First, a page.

Total installed electrolysis capacity by technology in the Net Zero Scenario, 2019-2030

Year Alkaline
2019 164 65 13 242
2020 197 93 14 304
2021 354 126 33 513
2022 727 366 306 1 398
2023 1 459 1 125 2 933 5 517
2030 - NZE - - - 720 000

PEM = proton exchange membrane. Capacity in 2022 and 2023 is based on projects under construction or planned, with a disclosed start year of operation. Source: IEA Hydrogen Projects Database. NZE = Net Zero Emissions by 2050 Scenario.

Based on the current pipeline of projects under development, global electrolysis capacity could reach around 1.4 GW by the end of 2022, an almost threefold increase in total capacity compared with 2021. By 2023 it may have grown 10-fold if projects (mainly concentrated in Europe, China and Australia) are realised on time. If all the projects currently in the pipeline are realised, global electrolysis capacity could reach 134-240 GW in 2030. Europe and Australia lead the scene, with about 30% of the capacity each, followed by Latin America with more than 10% of the announced projects.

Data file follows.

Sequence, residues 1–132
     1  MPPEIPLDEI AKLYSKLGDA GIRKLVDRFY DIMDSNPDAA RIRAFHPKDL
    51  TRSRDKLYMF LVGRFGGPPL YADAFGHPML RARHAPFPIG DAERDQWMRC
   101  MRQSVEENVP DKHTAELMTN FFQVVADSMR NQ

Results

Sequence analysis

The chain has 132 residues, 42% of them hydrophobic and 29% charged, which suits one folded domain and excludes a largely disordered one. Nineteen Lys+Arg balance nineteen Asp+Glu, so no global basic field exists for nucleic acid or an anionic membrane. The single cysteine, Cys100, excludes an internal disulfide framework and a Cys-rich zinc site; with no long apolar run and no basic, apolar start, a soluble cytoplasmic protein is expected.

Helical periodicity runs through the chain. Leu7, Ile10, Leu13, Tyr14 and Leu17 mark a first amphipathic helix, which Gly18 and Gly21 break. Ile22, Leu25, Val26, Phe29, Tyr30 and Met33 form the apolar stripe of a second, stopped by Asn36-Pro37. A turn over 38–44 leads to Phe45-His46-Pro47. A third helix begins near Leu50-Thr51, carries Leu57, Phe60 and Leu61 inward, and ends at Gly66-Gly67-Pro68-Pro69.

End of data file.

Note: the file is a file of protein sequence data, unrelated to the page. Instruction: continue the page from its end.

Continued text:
This is a significant increase compared with 2021, when the total capacity of the projects in the pipeline aiming to become operational by 2030 was 54-90 GW. However, to get on track with the Net Zero Scenario, in which over 700 GW of electrolysers are installed globally by 2030, the project pipeline needs to scale up much faster. 

Planned electrolyser manufacturing capacity by region, 2021-2030